There are 1.200.000 of people jobless, others have cut their electricity supply, 50% of Athens flats didn't have central heating last year, thousands of people returned their car plates because they can't pay the circulation tax of their vehicles, the church is feeding daily thousands of people.

    THIS is the true power of those were since the start advocating in favour of return to the drachma.

    As for the rest:

    1) Thinking that Greece, with the problematic administration and corrupt parties it has, could slash the deficit from 15,4% to 3% in 3 years, is unrealistic and someone has responsibility for that.

    2) The troika, wherever it wanted, insisted on some things to be made, on others it let the goverment make mistakes.

    3) Those who have been hit, are those who were the weakest. The troika didn't seem to mind either about that, as a matter of fact, they seem to want more of the same.

    But, when you have many people in the private sector having lost 50% of their net income in 2 years, while the prices still go up (inflation this month is 1,2%), trying to find who is the "innocent" in this program, becomes an exercize in accademic futility, which mainly interests, those who don't have economic problem (like Mr. Papahelas).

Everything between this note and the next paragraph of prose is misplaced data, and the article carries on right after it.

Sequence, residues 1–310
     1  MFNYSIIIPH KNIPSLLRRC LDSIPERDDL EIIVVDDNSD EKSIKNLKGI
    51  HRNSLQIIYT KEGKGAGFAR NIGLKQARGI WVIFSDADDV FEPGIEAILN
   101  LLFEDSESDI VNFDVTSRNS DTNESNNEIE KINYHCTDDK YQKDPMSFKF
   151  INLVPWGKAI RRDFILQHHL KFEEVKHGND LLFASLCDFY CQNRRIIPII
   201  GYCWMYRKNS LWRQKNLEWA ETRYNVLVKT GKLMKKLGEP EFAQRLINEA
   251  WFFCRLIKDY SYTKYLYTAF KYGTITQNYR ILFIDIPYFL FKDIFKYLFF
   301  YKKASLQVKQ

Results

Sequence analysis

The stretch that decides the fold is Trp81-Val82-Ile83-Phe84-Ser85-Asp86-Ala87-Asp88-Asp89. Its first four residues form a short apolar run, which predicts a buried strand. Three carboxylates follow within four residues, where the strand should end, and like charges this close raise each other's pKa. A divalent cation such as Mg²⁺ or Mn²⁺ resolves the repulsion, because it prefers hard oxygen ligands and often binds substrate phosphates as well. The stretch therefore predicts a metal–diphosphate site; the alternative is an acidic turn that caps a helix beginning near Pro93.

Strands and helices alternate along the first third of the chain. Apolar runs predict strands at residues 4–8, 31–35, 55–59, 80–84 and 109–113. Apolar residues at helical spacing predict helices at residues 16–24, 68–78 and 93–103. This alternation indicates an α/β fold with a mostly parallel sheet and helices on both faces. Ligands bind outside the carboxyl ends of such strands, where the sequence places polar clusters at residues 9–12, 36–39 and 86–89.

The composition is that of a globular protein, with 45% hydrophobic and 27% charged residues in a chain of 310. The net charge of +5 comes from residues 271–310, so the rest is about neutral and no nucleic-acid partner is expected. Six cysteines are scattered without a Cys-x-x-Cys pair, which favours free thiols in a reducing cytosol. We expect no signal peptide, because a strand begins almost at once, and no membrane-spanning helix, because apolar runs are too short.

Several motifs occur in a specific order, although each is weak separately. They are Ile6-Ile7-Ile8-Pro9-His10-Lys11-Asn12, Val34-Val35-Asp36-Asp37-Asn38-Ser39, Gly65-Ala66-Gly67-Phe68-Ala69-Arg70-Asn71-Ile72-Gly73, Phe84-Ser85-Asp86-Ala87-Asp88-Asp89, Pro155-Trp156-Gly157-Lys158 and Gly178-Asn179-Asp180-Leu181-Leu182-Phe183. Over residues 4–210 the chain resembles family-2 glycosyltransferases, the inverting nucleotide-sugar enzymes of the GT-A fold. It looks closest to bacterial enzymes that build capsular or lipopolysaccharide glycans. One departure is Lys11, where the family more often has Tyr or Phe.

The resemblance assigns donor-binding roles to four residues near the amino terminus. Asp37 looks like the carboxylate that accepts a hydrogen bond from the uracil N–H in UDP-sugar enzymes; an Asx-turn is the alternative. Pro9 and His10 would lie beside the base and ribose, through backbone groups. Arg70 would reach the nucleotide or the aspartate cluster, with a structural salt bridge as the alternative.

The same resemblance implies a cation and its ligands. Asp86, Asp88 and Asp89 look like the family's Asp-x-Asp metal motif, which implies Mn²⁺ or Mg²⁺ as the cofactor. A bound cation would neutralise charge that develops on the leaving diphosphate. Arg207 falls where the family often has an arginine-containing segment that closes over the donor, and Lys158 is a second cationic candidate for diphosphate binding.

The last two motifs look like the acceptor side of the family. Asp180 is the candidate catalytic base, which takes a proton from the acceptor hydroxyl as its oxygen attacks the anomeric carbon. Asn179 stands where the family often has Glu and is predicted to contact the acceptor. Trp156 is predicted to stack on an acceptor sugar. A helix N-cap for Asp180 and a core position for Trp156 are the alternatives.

>

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  2. >

    The reality is this: SYRIZA up to 2 years ago was a political joke. Nobody was really minding about them. Golden Dawn was inexistent politically. SOMETHING really bad has happened to make these skyrocket. Now, one may say this is one's fault, this is anothers. For the people being hit, it is of little matter. They see the goverment+troika imposing the policy and the Europeans imposing the adjustment period. For them, they are all responsible for the situation and even worse, the political saviors, are also the political responsible for the greek economics. For me too, they are ALL responsible.

    When you give a surgeon 1 hour to perform a surgery that normally requires 3 hours, he will start cutting like a butcher. It doesn't matter if at some point you say "get another 1 hour", he has already butchered.

    This is something that both the representative of greek industrialists and of greek commerce association have understood, when they came repeatedely in the open to say that "the cutting of salaries isn't a requirement of them, they have more serious problems that are hurdle to their doing businees". Because they understand social turmoil. If the country falls into chaos or bloodshed, it will be of little profit to a greek businessman, if previously he had the troika impose another 10% of the wages. Whose responsibility will be then? Who has the right to risk civil war? The goverment? The troika? Mrs Merkel? Will it be Mr Schauble crying over the greek ruins or will he say "we were extremely generous with Greece, but look, they are so crazy that they fell in civil war!"